Author Topic: Textile Mill Diorama  (Read 48510 times)

Offline J.L.

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Re: Textile Mill Diorama
« Reply #15 on: February 25, 2018, 09:08:58 PM »
I agree Chris. That is a wonderful model. A real treasure.

I am finding that foam board is a great material for starting a diorama from scratch. You can make all kinds of mistakes or design changes and start over again many times until you get something that you think will work.

For example, I thought the mill's boiler would be on the left side to the diorama near the engine's cylinder. That engine was not to be, so the boiler was simply removed and put on the other side. No harm, no foul.

Hopefully I can get the engine I want with its cylinder facing right.  :-\




Offline zeeprogrammer

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Re: Textile Mill Diorama
« Reply #16 on: February 25, 2018, 10:24:50 PM »
 :pinkelephant: :popcorn: :popcorn: :popcorn:

Did I say I like dioramas?

And yours are exceptional.
Carl (aka Zee) Will sometimes respond to 'hey' but never 'hey you'.
"To work. To work."
Zee-Another Thread Trasher.

Offline J.L.

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Re: Textile Mill Diorama
« Reply #17 on: February 26, 2018, 03:39:03 PM »
Thank you.

In the first picture, we see the boiler now on the right side of the engine room. In many mills of this sort, a separate boiler house housed the boiler close to the mill. In this setup, the boiler room is attached, but a thick brick fire wall separates the boiler room from the engine room.

But notice the error on the left side of the model. There is a window there. That does not make any sense as we are modelling the southeast corner of the mill. The mill is much wider than what we are representing here. Why the window?

Here is another advantage of working through a prototype mock-up first. That window should be a door.  ::)  It would open out onto the mill floor which was probably planked (the engine room floor will be concrete).

So the second photo shows such a door instead of a window. 

Edit: Oops. Looking south, with the line shafts running over our heads back into the mill, we are looking at the southwest corner of the building. Right?

 
« Last Edit: February 26, 2018, 05:39:10 PM by J.L. »

Offline Roger B

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Re: Textile Mill Diorama
« Reply #18 on: February 26, 2018, 08:00:04 PM »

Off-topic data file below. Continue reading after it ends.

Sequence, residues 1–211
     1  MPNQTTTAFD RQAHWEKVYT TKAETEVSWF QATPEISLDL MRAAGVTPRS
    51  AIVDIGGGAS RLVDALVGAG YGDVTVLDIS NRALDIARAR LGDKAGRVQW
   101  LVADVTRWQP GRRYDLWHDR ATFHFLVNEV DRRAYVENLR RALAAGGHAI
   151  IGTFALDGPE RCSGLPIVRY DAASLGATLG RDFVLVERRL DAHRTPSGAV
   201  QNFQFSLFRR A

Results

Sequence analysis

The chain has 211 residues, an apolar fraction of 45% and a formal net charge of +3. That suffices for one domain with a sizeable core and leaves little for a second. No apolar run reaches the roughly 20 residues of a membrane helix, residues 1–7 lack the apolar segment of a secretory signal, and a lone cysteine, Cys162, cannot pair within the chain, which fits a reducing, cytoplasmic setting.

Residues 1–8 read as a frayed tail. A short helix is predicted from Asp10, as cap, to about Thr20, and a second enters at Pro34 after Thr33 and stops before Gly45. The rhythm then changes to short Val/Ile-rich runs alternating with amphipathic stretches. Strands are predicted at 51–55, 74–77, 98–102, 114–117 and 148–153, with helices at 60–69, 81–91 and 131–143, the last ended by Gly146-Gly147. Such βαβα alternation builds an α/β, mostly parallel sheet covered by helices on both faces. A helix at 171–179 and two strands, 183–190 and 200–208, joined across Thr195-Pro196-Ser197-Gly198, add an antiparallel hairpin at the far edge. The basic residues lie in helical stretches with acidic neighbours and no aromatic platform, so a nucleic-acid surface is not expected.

Another splendid build to follow along  :ThumbsUp:  :ThumbsUp: Your attention to detail is excellent  :praise2:
Best regards

Roger

Offline crueby

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Re: Textile Mill Diorama
« Reply #19 on: February 26, 2018, 08:23:56 PM »

.......

Edit: Oops. Looking south, with the line shafts running over our heads back into the mill, we are looking at the southwest corner of the building. Right?
uh oh, now you need to model the rest of the world to keep it all straight!

 :popcorn:

Offline J.L.

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Re: Textile Mill Diorama
« Reply #20 on: February 27, 2018, 10:26:14 AM »
 ;D

The project begins in the boiler room. I wish to thank Jason Ballamy for his helpful information about the design and function of large industrial boilers. He taught me much about the Cornish (one flue) and Lancashire types (two flues). As we will see, their front faces were configured in many different ways. but they all shared the same basic element.

I am very glad I did not sell my General wood lathe last year. It beame invaluable in turning the boiler shell and diameters of very thin material.

A wooden core was first turned to give the boiler shape and allow plating to be bent over it. Only half  of the 'barrel' was laminated. The rest was counterbalanced with wooden blocks.

Here the drum is turned and a foot added to the end.


« Last Edit: February 27, 2018, 10:30:07 AM by J.L. »

Offline Ramon

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Re: Textile Mill Diorama
« Reply #21 on: February 27, 2018, 10:36:50 AM »
Hi JL - I do admire the way you mock your project up beforehand - indicates a great degree of patience and forethought  :ThumbsUp:

You also have an obvious flair for keeping your work clean, another admirable attribute.

I wish you well with this new adventure, if it turns out as well (and there's no doubt it will) as the previous two we have another enjoyable journey to witness :)

Regards - Ramon (Tug)
"I ain't here for the long time but I am here for a good time"